This is going to be a short review, simply because what Now gets right and what Now gets wrong is glaringly obvious.
What it gets right: the songwriting. Shania Twain’s ability as a writer has always been underrated, primarily because she chose to write escapist music. The economy of her lyrics has always been top notch, and it’s overlooked just how difficult that is to do. She’s able to capture simple truths and make them rhyme.
Now that she’s baring her soul, that same talent results in painfully honest lyrics that still adhere to the simplicity that she’s known for. Her hurt is palpable on songs like “Poor Me” and “Who’s Gonna Be Your Girl.” Her signature optimism is still there, too, but it’s with a weariness that a positive attitude isn’t always enough. “Life’s About to Get Good” and “Swingin’ With My Eyes Closed” have bright sentiments, but are clearly being expressed by someone who just spent a long time in the darkness.
I do believe everyone would be talking about her brilliant and intimate new album as an artistic achievement if not for what Now gets so terribly wrong. All of the vulnerability and accessibility established by her writing is undermined by horrifically awful production and layers of vocal processing. Shania wrote words that needed to be Red Headed Stranger but was put through The Incredible Machine instead. This would’ve been a phenomenal country album, especially if she’d reunited with Alison Krauss to put it together. Hell, it could’ve been a great pop album if it took its cues from ABBA or Adele. Instead, we have industrial noise throughout until the very last track.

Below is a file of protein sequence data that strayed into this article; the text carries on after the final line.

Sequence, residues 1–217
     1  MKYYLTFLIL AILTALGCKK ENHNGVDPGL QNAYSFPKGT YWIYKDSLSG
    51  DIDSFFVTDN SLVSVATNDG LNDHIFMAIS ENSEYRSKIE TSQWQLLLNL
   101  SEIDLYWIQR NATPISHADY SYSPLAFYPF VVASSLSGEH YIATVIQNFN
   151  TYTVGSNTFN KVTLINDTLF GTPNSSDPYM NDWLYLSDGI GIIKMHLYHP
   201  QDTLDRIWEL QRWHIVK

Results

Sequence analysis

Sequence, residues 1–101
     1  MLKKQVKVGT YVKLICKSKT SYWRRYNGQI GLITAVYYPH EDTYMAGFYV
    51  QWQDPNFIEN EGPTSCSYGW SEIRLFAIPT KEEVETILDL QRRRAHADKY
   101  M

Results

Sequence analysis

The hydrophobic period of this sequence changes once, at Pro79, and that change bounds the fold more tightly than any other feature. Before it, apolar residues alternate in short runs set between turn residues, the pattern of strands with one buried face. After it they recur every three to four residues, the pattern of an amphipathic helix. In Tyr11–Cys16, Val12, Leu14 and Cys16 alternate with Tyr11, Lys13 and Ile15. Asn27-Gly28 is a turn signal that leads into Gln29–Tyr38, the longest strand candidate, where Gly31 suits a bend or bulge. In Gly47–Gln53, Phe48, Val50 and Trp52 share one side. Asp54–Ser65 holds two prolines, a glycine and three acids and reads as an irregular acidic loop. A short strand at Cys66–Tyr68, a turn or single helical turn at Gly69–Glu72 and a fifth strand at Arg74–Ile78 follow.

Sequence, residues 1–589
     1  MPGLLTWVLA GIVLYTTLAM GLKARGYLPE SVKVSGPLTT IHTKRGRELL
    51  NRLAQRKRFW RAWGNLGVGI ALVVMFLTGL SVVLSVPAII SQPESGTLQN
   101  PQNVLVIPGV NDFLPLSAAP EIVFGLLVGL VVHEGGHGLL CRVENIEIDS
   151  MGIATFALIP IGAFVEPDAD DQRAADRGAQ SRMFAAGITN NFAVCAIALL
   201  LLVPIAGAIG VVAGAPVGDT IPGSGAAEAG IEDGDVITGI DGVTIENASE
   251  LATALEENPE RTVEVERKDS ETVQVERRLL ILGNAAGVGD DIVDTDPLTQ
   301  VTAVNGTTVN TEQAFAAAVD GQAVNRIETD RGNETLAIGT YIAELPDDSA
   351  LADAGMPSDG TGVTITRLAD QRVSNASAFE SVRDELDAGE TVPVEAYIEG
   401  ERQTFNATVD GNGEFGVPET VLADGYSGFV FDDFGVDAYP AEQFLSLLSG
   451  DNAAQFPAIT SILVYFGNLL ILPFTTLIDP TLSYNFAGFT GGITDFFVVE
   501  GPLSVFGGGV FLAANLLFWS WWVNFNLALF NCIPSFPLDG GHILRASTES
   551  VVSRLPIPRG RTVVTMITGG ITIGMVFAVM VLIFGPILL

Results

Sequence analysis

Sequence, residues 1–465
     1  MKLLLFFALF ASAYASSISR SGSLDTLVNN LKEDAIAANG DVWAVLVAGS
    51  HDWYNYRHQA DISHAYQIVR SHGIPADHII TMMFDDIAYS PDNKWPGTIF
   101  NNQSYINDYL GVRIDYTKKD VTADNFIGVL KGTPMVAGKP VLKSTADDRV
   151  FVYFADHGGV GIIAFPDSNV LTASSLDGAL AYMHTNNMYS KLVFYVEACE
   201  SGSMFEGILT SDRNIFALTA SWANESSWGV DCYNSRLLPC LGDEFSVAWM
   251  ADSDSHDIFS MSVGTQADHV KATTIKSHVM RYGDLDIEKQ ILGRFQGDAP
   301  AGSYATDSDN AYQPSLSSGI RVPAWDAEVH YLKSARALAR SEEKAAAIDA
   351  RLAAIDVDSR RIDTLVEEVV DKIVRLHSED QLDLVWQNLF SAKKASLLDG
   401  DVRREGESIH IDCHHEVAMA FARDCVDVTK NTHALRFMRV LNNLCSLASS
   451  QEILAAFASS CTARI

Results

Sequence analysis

“Soldier” closes out the album, and it’s just Shania and a piano for a good chunk of it. Was there nobody in the studio who noticed how much better that sounded? The approach that would’ve made this set shine was right in front of them.
Shania Twain can really sing and she’s even better as a writer. It’s a sin that her talents have been hidden away on her own record. The songs on Now rank among her finest compositions. They’re complex, revealing, and often poignant. They deserved far better treatment than this muddled mess they’ve been given.
Recommended Tracks: “Poor Me,” “Soldier,” “Life’s About to Get Good”